Razer Deathstalker review
Whether you’re a PC gamer or just a normal human being, you probably spend a ridiculous among of time employing mouse and keyboard throughout the day. However, not all keyboards are the same – there is a ton of variety out there, although the Razer Deathstalker might just be my new favourite.
Wanna touch it?
As the device my hands rest on more than anything else throughout the day, my mouse and keyboard comfort are paramount to me. I have an ergonomic mousepad, but keyboards can be a trickier matter. However, the Razer Deathstalker provides fantastic support thanks to a fixed wrist rest that has a carbon-fibre finish to make it feel smooth. The keyboard rests at an angle that puts the keys at a comfortable height while ensuring that your wrists are kept in carpal-tunnel preventing position.
Thanks to the low-profile Chiclet style key caps, the Deathstalker is a pretty quiet keyboard. While some people prefer something clunkier when typing, I like the way the keys are quick and responsive (without being overly sensitive) – I was able to keep my typing speeds up without it sounding like a furious pounding of keys. The low profile keys and membrane infrastructure are ideal for faster movements. The actual feel of the individual keys is smooth while still matte enough to make them comfortable and modern.
Size does matter
Unlike the big brother keyboard, the Razer Deathstalker Ultimate, the plain old Deathstalker is just the right size. Unlike other “smaller versions” of keyboards, the Deathstalker still includes a number pad, making it a full sized experience without taking up your entire desk. The keyboard is also extremely light and thin, making it perfect for packing up and taking with you if you attend LAN events or simply like to have your keyboard of choice with you when you travel.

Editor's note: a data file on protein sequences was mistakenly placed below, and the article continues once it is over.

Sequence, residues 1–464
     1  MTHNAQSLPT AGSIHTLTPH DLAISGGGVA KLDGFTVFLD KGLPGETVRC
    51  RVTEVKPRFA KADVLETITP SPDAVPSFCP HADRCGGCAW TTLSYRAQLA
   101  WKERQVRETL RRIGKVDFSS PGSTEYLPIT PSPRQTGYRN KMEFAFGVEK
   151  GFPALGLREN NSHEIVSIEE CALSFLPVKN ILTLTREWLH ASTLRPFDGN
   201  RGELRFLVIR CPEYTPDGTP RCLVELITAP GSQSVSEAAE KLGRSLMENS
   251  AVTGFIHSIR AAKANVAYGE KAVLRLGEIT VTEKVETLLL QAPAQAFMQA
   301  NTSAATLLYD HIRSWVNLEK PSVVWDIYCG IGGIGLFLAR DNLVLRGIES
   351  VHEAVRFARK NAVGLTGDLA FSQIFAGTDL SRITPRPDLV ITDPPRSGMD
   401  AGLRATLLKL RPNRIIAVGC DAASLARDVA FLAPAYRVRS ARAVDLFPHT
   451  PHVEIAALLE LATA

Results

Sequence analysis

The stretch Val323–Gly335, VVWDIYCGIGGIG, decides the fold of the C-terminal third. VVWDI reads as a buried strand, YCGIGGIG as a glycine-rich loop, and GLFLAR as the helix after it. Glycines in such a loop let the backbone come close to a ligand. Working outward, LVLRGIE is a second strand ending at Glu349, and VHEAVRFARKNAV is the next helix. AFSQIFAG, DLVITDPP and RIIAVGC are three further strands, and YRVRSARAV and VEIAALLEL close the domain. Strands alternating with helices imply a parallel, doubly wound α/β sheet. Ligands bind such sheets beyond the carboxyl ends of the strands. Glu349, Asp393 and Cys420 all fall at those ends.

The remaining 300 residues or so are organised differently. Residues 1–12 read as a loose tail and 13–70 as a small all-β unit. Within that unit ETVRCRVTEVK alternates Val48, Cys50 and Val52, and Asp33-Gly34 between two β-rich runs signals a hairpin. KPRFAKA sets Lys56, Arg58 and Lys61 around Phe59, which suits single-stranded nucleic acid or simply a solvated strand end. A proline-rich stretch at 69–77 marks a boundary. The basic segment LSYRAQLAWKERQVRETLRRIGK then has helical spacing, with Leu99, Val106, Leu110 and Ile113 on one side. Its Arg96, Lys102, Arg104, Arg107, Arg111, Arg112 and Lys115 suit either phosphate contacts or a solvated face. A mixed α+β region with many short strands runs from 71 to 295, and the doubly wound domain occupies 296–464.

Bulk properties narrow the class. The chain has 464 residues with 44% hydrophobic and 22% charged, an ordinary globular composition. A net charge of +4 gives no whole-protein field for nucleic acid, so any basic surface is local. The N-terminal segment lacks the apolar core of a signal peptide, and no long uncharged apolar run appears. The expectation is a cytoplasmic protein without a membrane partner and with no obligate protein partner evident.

Unfortunately, you might need a USB hub if you intend to take it with you on the road. Unlike other popular keyboard, the Deathstalker doesn’t have any extra USB ports built in. This means that it takes up USB without letting you plug a mouse or headset into it. I see no design reason why they did this, except to maybe keep the keyboard light and slim. However, this was a major flaw for me – I already struggle with having enough ports and I don’t like when keyboards don’t help in that department.
The spacing on the keys is fairly standard, although I did find the size of the keys slightly different to what I was used to, leading to some unintended typos and imperfect smiley face emoticons. Of course, every new keyboard takes some adjustment and within a few days I was back to touch typing without those errors.
Make it your own
Thanks to compatibility with Razer Synapse 2.0, the Deathstalker has some cool customization. First of all, I greatly appreciated that it had two modes – normal and gaming mode. This means that when I’m just doing my day to day typing and work, my normal macros are set. However, switch on the gaming mode and I can get all the anti-ghosting and programmable macros that I need. Razer Synapse 2.0 even lets you adjust the brightness of the lights or put them to pulsate, something I have no understanding of why anyone would want. As usual with Razer products, there is no choice of color for your backlighting, but at least it’s green instead of the usual red or blue that other PC components tend towards.
I am truly sad at the thought of giving back this keyboard. I want to keep it forever and ever, but with an RRP of R2 499 for the one with the embedded LCD acreen, and R1000 for this vanilla version, I will have to hum and haw a bit more before I dish out that kind of cash. It is probably worth that money, but it still seems like a lot to pay for a standard gaming keyboard.
Razer Deathstalker was reviewed by Zoe Hawkins